"Social Interactions in "Simple" Model Systems" by Marla B. Sokolowski, freely available here
Summary: Deciphering the genetic and neurobiological underpinnings of social behavior is a difficult task. Simple model organisms such as C. elegans, Drosophila, and social insects display a wealth of social behaviors similar to those in more complex animals, including social dominance, group decision making, learning from experienced individuals, and foraging in groups. Although the study of social interactions is still in its infancy, the ability to assess the contributions of gene expression, neural circuitry, and the environment in response to social context in these simple model organisms is unsurpassed. Here, I take a comparative approach, discussing selected examples of social behavior across species and highlighting the common themes that emerge.
"Social Cognition and the Evolution of Language: Constructing Cognitive Phylogenies" by W. Tecumseh Fitch , Ludwig Huber and Thomas Bugnyar, freely available here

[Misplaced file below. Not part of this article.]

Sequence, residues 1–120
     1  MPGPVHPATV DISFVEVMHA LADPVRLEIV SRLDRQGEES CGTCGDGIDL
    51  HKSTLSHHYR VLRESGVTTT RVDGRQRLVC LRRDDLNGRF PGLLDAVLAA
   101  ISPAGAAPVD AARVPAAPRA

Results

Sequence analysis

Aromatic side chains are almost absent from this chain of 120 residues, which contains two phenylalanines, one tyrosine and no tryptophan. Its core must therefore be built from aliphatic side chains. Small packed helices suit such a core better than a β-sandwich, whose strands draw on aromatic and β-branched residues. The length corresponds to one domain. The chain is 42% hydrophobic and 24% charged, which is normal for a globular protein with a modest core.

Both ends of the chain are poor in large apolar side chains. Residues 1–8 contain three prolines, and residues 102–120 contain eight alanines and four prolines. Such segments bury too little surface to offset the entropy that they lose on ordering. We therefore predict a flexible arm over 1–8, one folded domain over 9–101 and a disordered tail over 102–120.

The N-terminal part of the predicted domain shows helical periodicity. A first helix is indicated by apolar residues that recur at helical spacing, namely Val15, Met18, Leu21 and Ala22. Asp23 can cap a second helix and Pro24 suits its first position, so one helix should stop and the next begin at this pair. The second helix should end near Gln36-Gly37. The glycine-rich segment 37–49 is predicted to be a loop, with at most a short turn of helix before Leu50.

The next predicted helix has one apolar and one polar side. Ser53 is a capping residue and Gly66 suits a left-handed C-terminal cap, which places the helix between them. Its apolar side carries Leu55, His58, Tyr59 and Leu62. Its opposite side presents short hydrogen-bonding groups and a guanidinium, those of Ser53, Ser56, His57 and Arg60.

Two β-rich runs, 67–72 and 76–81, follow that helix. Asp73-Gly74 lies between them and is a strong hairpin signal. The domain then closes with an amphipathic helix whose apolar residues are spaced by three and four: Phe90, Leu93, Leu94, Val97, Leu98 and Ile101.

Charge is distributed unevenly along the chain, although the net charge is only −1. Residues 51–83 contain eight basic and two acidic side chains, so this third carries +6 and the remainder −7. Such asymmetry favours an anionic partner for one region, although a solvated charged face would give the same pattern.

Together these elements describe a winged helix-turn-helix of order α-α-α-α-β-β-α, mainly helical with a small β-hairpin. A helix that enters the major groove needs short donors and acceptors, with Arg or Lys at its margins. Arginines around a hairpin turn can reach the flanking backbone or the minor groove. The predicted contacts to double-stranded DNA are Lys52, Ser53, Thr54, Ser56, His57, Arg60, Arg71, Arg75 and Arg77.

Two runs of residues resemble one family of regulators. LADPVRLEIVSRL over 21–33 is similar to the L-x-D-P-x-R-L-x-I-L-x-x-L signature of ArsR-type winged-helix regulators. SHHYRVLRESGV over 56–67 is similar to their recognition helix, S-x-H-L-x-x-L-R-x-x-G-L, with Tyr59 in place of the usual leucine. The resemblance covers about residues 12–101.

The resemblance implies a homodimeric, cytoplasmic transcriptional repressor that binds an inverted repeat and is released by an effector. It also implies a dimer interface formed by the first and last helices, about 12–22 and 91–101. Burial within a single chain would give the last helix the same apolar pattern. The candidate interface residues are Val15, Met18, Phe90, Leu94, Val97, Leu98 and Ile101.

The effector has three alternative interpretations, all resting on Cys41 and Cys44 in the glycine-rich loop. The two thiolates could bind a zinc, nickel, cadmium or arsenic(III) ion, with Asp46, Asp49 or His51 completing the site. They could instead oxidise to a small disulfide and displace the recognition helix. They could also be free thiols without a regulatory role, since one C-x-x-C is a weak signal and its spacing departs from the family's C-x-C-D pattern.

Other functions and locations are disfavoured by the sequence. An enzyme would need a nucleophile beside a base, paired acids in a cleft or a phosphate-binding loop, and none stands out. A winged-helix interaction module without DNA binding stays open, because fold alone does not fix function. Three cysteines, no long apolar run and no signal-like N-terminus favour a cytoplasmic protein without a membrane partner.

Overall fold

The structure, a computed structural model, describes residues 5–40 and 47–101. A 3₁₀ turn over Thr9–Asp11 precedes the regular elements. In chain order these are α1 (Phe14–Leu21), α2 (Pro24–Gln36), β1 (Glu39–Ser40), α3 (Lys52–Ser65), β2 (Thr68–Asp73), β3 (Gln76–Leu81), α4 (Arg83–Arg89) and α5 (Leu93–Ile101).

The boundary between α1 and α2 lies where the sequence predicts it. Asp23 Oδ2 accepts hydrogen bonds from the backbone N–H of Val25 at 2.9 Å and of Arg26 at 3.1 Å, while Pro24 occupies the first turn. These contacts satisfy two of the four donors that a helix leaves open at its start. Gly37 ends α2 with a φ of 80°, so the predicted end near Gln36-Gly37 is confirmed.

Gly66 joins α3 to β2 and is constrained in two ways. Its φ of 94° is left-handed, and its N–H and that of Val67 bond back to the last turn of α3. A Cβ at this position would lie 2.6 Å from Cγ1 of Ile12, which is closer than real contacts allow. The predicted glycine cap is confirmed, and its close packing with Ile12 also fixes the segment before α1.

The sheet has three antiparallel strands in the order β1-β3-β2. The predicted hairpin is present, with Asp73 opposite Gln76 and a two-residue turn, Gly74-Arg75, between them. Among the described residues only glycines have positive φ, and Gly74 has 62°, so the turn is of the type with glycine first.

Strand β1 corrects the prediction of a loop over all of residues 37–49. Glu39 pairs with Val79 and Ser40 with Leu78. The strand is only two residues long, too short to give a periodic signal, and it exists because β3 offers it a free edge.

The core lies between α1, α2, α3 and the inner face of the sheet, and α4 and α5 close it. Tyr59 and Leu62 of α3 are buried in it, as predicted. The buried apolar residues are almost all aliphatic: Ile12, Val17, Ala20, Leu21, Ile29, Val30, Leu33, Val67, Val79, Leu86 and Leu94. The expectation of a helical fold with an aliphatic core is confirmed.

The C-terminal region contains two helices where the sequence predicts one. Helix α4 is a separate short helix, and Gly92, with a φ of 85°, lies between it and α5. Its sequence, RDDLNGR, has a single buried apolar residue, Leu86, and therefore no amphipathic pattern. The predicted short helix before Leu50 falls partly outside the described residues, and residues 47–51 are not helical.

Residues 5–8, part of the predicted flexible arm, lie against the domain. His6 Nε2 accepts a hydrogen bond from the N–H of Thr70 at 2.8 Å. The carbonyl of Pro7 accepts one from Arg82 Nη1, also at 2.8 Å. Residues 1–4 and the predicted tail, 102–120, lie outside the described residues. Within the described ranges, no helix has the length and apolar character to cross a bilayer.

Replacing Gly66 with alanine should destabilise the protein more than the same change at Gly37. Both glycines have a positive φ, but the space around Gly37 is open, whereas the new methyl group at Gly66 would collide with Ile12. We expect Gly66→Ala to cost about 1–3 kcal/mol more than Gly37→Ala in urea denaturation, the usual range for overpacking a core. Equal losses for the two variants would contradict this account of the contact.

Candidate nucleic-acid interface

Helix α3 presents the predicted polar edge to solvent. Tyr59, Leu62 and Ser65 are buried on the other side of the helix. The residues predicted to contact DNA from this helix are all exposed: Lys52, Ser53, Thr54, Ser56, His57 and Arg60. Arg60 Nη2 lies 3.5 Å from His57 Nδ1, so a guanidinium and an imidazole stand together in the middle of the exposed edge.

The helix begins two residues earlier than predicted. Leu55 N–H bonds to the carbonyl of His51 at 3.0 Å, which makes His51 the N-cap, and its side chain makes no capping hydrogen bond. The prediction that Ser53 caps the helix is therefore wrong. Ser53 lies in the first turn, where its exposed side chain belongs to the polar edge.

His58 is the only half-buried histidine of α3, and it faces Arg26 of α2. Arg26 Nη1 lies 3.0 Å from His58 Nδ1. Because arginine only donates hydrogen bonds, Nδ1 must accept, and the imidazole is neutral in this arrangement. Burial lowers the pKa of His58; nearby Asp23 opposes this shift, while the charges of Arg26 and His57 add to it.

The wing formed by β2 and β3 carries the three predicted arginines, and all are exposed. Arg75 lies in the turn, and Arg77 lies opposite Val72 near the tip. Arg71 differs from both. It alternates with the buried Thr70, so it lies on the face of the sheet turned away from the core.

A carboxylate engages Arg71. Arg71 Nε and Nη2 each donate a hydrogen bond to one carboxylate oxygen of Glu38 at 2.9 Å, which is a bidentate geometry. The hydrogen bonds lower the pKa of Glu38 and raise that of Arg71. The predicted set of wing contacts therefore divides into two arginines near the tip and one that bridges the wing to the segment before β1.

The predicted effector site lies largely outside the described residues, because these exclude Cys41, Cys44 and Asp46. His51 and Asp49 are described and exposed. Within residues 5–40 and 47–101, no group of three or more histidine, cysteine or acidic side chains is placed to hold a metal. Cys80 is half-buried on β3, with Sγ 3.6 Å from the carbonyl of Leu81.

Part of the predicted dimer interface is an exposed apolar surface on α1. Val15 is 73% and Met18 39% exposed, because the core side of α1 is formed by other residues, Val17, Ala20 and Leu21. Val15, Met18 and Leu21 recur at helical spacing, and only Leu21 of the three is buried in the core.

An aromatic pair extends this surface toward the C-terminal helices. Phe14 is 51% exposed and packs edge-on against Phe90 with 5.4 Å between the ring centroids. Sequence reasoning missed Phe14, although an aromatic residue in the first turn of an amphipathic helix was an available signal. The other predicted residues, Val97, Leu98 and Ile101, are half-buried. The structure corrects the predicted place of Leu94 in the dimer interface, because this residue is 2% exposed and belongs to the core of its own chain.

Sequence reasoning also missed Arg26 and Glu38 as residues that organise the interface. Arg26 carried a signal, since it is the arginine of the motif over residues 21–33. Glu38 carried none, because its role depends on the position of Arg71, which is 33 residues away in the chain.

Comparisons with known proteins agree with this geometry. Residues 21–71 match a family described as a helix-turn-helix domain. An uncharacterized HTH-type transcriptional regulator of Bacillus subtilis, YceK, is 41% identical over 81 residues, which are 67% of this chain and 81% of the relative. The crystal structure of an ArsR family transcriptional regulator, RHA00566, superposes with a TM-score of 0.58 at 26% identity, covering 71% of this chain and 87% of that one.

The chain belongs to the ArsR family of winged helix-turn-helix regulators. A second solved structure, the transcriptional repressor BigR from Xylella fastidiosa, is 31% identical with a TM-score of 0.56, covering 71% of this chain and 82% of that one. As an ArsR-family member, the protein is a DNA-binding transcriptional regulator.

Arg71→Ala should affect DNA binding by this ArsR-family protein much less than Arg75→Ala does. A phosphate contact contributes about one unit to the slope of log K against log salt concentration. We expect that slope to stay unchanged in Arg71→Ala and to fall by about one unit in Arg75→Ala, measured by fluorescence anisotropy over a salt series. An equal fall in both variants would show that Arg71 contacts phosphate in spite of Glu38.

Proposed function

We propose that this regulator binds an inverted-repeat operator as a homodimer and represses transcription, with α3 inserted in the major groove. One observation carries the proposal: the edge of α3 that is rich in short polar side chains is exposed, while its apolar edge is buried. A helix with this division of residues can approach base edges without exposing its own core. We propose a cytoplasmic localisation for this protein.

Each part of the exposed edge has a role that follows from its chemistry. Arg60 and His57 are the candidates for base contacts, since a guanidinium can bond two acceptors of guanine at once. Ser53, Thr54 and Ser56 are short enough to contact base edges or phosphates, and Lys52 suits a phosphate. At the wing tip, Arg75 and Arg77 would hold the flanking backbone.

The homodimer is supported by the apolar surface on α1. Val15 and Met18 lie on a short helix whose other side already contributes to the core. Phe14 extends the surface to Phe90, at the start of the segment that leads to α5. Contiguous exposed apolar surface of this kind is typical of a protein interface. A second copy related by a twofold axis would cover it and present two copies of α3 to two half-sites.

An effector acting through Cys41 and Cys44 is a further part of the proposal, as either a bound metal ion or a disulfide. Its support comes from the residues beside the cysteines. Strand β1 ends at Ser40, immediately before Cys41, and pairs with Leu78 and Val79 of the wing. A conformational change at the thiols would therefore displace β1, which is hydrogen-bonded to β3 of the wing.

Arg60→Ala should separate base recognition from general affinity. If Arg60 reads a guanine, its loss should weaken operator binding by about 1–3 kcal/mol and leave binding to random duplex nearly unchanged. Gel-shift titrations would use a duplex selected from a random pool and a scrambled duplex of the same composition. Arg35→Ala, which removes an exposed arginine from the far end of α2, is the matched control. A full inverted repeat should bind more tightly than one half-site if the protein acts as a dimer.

Summary: Human language and social cognition are closely linked: advanced social cognition is necessary for children to acquire language, and language allows forms of social understanding (and, more broadly, culture) that would otherwise be impossible. Both "language" and "social cognition" are complex constructs, involving many independent cognitive mechanisms, and the comparative approach provides a powerful route to understanding the evolution of such mechanisms. We provide a broad comparative review of mechanisms underlying social intelligence in vertebrates, with the goal of determining which human mechanisms are broadly shared, which have evolved in parallel in other clades, and which, potentially, are uniquely developed in our species. We emphasize the importance of convergent evolution for testing hypotheses about neural mechanisms and their evolution.